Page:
The European Commission has launched a probe into how Intel licenses its bus technology. Although investigations into possible anti-competitive behaviour is fairly standard for very large companies such as Intel, this could still be a big deal for the firm.

In a PC, the bus interconnects the microprocessor with the motherboard and components attached to it, such as hard disk drives and graphics adapters.

Intel's bus architecture is part of the company's intellectual property and is licensed to PC builders. It has been alleged that PC manufacturers which used processors from Intel's rivals were denied access to Intel design data.

"We have received a request from the European competition authorities for information on our policies in licensing our bus architecture for Intel processors," said Intel spokeswoman Gillian Murphy.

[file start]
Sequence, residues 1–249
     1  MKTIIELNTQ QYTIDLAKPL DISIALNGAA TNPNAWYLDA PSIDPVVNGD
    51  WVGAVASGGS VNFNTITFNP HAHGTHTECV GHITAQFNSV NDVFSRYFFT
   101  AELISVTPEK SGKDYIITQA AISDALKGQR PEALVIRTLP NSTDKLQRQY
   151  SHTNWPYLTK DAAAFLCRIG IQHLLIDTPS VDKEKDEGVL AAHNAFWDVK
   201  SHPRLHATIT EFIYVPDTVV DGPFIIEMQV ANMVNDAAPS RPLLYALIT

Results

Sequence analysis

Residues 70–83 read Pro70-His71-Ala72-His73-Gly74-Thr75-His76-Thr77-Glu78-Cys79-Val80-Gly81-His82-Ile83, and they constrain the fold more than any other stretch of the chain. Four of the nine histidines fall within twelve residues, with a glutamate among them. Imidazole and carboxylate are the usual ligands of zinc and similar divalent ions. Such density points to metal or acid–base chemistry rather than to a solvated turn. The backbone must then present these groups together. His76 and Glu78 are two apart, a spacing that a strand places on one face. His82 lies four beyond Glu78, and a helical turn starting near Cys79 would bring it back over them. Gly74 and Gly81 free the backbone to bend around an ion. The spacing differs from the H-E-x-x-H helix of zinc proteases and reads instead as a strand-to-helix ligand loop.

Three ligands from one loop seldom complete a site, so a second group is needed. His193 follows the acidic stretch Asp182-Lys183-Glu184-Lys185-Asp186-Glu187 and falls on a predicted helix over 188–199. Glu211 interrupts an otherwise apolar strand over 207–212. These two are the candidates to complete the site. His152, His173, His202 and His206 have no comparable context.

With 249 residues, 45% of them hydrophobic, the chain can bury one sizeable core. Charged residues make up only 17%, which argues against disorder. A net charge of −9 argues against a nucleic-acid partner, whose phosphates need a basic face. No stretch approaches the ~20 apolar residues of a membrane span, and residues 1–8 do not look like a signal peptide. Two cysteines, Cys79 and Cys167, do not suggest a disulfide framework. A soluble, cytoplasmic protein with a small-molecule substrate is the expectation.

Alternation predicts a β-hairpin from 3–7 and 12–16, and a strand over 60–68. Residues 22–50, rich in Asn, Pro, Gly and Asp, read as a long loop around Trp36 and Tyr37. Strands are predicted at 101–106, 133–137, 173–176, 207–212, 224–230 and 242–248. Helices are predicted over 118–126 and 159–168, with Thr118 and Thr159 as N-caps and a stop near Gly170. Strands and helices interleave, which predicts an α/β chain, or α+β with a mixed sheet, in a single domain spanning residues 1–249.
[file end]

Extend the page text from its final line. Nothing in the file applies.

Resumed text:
Citing the 'confidential' nature of the inquiries, Murphy declined to specify what questions the EC is seeking answers to, when the request was made, or when Intel will respond.

"We believe our practices are both fair and lawful," Murphy said, adding that Intel will co-operate with the regulatory agencies.

According to a report in The Wall Street Journal last week, the probe also examines possible exclusionary effects of Intel's marketing tactics, specifically the subsidies the chip manufacturer gives PC vendors for including the 'Intel Inside' logo or its accompanying tune in advertising.

This subsidy is the reason why the Intel Inside phrase is featured in PC adverts – not because firms have to do it, but because they get help with advertising costs.

The European Commission is working on a statement on the probe, a spokeswoman said. The statement is expected later today.